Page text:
“Alright, I’ve heard enough.” Harold said, casually drawing his gun and leveling it at Garth. Nothing happened.
Garth reached out and weaved mana into a simple construct around Harold’s gun that would switch the safety to the on position whenever it was off, before using Recursive Casting to apply it to every gun present.
“What the?” Harold said, glaring at his gun and switching the safety off before leveling it at Garth again. Again, nothing happened.
“No go ahead, take your time.” Garth said, walking forward as he started casting a spell to shrink their swords to the size of sardines. The mythic core made it easy. “I hear this kind of thing happens a lot to older guys.”
Harold looked at his safety again, spotted that it was in the on position again, and gave Garth a fierce glare.
“Shoot him!” Harold shouted, and there was a chorus of guns and magic crossbows sliding against leather. Garth put up a Force Shield in case he missed one, but it seemed his worries were unfounded.
Harold’s eye was bulging out of his socket as he shouted for them to draw their swords, only to find his own had become the size of a toothpick. They groped around clumsily for handles that were more appropriately sized for keychains.
“You know,” Garth said, cocking his head to the side. “I’m a pretty forgiving guy, I think. If you had wised up a little, and didn’t try to kill me again, we probably could have done business. But how the hell am I supposed to let you go after you’ve tried to kill me three times?”
“You little shit, I’ll-“ Garth stapled his lips shut with some well-placed telekinesis.
“Your Endurance is what, somewhere between forty and sixty now?” Garth asked, summoning Woody to play with the rest of Harold’s crew. Woody was a good ten feet tall now, able to crush spines with a well-placed blow. The treant began to lumber towards the confused, unarmed riders. Their horses reeled back at the sight of the giant treant bearing down on them, and Garth took the opportunity to pull Harold out of his saddle, across the dirt toward him.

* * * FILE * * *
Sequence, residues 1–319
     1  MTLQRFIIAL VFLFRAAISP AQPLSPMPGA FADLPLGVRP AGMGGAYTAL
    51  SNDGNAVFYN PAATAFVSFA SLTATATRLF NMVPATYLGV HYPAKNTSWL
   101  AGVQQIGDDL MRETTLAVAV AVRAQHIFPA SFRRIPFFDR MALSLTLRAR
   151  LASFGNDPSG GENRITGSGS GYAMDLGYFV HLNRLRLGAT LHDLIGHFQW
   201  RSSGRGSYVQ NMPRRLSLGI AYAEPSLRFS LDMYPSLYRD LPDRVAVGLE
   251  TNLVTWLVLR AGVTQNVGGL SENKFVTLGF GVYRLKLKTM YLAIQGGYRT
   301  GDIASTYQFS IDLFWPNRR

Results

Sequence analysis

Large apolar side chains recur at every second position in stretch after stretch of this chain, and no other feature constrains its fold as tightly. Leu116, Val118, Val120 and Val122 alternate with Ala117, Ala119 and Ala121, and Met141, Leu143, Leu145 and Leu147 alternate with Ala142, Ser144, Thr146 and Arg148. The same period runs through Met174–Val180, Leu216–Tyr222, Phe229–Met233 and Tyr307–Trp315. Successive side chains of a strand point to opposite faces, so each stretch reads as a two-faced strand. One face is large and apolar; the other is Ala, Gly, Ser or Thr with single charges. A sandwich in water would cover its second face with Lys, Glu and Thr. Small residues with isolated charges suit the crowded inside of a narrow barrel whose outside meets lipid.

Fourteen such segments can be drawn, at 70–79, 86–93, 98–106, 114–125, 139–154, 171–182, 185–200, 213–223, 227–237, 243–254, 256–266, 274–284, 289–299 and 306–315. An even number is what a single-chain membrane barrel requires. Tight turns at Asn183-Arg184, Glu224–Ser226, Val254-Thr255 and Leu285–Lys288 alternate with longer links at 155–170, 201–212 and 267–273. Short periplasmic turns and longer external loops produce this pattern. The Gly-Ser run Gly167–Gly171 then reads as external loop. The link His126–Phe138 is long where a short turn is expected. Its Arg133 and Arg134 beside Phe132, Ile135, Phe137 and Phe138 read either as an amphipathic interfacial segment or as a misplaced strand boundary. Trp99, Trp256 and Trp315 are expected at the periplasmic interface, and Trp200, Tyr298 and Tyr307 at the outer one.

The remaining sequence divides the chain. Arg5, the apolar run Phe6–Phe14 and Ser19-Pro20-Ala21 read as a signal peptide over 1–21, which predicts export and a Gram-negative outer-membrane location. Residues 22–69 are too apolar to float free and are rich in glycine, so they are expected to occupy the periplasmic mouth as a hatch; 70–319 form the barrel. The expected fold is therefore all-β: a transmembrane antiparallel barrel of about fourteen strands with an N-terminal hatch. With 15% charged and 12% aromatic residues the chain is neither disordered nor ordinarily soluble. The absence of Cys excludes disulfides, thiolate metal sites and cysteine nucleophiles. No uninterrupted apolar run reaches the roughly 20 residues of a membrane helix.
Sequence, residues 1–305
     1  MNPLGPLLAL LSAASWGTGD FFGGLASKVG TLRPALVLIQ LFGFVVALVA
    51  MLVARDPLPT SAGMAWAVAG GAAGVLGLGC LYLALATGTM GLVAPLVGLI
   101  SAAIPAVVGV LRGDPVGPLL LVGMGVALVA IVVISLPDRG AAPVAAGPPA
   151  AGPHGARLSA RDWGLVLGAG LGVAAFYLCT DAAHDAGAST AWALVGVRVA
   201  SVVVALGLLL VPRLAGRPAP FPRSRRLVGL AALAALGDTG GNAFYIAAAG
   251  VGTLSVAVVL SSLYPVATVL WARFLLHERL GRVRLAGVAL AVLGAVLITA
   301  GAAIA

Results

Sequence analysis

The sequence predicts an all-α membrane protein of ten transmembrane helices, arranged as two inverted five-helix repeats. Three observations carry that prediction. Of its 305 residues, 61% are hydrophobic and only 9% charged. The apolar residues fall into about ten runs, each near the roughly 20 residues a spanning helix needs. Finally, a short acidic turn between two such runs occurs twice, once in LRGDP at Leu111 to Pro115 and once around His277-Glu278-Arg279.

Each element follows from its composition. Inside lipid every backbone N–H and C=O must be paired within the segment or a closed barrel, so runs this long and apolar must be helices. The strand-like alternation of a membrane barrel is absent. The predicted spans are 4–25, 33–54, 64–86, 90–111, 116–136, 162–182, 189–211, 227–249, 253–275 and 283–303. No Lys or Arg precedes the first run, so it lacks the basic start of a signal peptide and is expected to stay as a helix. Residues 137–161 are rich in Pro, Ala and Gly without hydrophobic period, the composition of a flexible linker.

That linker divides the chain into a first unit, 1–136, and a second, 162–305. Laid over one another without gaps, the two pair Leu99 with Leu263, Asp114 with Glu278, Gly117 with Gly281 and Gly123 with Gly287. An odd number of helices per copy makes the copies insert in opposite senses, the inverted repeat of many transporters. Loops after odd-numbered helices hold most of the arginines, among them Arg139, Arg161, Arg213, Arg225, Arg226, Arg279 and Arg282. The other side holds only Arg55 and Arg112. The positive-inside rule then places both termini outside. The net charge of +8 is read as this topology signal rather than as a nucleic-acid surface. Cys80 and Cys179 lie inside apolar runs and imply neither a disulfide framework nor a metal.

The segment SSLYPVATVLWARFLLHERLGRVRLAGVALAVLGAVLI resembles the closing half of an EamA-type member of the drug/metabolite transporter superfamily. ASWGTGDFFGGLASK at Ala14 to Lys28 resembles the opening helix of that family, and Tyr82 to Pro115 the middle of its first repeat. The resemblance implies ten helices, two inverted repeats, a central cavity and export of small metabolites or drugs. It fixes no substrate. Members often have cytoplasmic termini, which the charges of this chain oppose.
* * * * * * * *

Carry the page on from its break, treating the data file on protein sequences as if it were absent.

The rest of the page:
Garth pulled out an acorn and levitated Harold’s gun from where it had dropped, dismissing the construct. As the gray haired man was climbing to his feet, his own gun shot him in the gut, causing him to grunt and stagger backwards.
The bullet must not have gone very far past his armor, because there wasn’t very much blood.
Just breaking the surface was good enough for Garth.
The acorn leapt out of his hands and shoved itself into the wound. Harold grunted and tore at his abdomen, but the seed was already inside him. Realizing he couldn’t get it out right away, he leapt at Garth with a fair amount of speed.
“Harold,” Garth said as he flew above Harold’s grasp, shouting over the sound of men fighting and the panicked screams of horses. “You’re an asshole, and everything that’s happening now is a direct result of that!”
“Contemplate this on the Tree of Woe.” Garth triggered the oak to start growing inside Harold.
“You know that’s a bad guy’s line, right?” Wilson asked.
“AAAGH!” Harold began writhing in pain as lumps began to move under his skin, bloody roots burst out of his legs, anchoring him to the ground.
Garth took control of the oak, instructing it to avoid Harold’s major organs even as the tree stood Harold up, growing around the flesh of his arms and legs, lifting him into the air. In seconds, he was dangling from the front of the tree by tightly stretched skin and bones firmly clamped in place.
In a few seconds, Harold was crucified, intrinsically bound to the tree he was pinned to, moaning weakly. Damn, he’s still alive. Guy’s tough.
“Garth?” Wilson said, catching Garth’s attention. He looked at the lizard on his shoulder, who coughed, a tiny bit of blood flying out of his mouth. “I don’t feel so good.”
Garth felt a bit of something rolling down his upper lip. He touched it and pulled away fingertips smeared with red from his bleeding nose. Shit. His eyes rolled back in his head, his last sight was the earth rushing up to meet him.
Garth woke up alive-er than he expected, blinking as his eyes focused in the lamplight. He was inside his and Sandi’s treehouse, lying in bed.
As soon as Garth became fully conscious, the pain flooded in from everywhere. He had scrapes and a twisted shoulder from where he’d fallen, but drowning all of the physical pain was the mountainous headache that felt like two giants taking turns slamming his head with an iron mallet. They had excellent rhythm.
On the desk beside him, Wilson was covering his head and whimpering.
Garth spotted Sandi sleeping naked beside him. Normally that would have been enough to liven his mood, but the headache was like nothing he’d ever experienced, and he just closed his eyes and tried to wait it out. Every movement of his head or eyes that he made only seemed to make the pain worse.